I love these idiots, more business coming my way...


Just cleaned a laptop yesterday. Had MSE installed but disabled. He got some spyware on it, bad too, were he could not even get to the login screen.


Funny enough if the idiot had not disabled MSE it would have protected him from the start.. hahah $160 in my pocket.. idiot!!

Well I am indeed very lucky !
I bought a new notebook and on Monday was deciding between installing AVG or AVAST. I made the right decision by installing AVAST even though I had used AVG for many years..
FORGET ABOUT AVG from now on. It was good but got worst from AVG 8 version on. Now it STINKS ! Its performance now is only average.
Wake up. The company was bought over and taken over. The remaining staff may be unhappy and having a good time screwing the product.
AVG ... so long. Good bye ! Good riddance !
8 ( 8 O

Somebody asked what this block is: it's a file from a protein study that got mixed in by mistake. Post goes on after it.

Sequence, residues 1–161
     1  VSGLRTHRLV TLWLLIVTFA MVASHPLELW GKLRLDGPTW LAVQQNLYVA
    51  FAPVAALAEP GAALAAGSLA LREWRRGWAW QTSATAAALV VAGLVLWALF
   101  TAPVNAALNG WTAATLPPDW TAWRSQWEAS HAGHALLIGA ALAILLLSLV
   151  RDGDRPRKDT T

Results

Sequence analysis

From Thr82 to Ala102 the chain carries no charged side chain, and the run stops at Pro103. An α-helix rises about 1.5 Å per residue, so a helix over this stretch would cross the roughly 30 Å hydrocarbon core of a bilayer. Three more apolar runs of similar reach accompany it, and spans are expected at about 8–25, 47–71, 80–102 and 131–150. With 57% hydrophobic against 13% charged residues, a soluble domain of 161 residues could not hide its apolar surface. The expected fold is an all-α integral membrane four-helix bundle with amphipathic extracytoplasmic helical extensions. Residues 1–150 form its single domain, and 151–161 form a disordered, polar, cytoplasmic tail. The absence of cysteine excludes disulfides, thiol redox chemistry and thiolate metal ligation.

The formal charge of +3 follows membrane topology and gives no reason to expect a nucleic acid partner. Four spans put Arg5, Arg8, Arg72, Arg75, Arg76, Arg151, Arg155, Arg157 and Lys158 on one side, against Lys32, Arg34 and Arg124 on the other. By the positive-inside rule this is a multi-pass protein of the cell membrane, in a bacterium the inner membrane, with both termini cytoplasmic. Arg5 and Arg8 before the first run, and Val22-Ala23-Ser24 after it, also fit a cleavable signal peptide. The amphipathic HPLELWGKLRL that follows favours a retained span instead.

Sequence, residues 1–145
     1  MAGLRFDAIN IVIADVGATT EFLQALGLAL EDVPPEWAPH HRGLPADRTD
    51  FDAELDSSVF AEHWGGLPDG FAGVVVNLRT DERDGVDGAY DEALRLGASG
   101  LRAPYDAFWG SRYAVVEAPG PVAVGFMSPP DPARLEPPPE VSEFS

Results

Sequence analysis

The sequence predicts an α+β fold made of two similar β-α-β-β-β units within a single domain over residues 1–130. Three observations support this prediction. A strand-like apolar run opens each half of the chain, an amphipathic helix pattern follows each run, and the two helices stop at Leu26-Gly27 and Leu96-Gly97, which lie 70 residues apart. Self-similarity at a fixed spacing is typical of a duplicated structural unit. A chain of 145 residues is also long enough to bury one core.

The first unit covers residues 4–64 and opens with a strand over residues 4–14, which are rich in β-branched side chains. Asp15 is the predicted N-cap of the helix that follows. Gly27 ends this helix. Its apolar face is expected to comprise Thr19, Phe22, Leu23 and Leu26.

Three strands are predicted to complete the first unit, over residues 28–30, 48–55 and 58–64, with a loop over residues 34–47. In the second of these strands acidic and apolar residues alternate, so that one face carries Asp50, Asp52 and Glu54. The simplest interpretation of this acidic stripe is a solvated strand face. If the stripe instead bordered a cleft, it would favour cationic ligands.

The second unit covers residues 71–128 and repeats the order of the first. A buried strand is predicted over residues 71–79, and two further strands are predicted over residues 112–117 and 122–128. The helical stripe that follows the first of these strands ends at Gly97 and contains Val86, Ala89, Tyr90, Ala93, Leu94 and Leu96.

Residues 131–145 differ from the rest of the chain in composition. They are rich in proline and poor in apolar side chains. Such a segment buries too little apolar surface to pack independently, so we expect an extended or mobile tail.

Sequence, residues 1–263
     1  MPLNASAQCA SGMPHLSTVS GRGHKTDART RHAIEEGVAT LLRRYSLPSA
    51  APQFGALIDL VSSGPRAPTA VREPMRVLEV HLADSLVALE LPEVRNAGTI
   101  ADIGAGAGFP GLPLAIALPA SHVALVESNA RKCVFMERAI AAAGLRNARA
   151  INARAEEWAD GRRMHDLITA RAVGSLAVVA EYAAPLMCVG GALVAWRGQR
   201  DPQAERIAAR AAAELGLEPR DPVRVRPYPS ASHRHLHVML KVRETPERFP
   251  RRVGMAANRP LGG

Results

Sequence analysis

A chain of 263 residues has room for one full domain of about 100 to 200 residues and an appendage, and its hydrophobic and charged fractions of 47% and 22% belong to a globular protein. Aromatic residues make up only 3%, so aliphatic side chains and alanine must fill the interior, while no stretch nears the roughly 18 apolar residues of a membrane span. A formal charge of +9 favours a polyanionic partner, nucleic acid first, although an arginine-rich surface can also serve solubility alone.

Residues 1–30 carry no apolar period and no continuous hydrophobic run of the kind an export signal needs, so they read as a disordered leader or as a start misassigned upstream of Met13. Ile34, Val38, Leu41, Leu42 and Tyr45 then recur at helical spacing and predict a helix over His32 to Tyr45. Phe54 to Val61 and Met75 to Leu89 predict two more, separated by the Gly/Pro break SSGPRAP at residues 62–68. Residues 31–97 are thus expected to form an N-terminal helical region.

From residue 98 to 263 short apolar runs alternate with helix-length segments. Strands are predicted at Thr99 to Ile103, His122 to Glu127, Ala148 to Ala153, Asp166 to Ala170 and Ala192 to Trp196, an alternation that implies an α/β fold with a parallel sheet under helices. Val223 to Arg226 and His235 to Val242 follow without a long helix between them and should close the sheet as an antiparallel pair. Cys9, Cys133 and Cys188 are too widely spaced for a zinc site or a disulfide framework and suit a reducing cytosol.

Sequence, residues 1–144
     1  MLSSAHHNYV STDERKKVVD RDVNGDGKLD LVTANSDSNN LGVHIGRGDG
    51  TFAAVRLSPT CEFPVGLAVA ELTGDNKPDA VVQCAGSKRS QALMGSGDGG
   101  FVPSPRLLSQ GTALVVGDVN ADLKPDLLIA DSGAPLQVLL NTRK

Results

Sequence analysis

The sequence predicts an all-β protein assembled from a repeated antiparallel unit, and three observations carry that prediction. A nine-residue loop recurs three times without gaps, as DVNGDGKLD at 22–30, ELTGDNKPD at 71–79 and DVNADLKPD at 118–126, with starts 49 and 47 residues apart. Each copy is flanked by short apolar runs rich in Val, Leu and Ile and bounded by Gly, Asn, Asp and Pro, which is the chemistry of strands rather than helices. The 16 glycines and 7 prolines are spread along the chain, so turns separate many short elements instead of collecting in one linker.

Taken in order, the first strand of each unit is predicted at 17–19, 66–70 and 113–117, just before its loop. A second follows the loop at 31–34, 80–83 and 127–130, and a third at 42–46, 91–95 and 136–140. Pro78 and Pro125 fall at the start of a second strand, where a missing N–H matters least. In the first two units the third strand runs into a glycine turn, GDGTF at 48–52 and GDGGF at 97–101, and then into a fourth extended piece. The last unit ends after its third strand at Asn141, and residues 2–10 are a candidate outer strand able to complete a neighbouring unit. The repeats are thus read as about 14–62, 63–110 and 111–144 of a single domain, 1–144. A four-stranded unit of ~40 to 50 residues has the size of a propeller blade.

First of all... you bloody complaining bunch of noobs! its a FREE product that no one forced you to install so stop complaining.

Second, Its very easy to fix without the stupid avg CD or reinstalling windows,
simply hit F8 on startup
choose "repair my computer"
goto "command promt" and rename the avg folder in program files x86 to avg.old or whatever and restart the pc.

lipe123 said,
First of all... you bloody complaining bunch of noobs! its a FREE product that no one forced you to install so stop complaining.

Second, Its very easy to fix without the stupid avg CD or reinstalling windows,
simply hit F8 on startup

choose "repair my computer"
goto "command promt" and rename the avg folder in program files x86 to avg.old or whatever and restart the pc.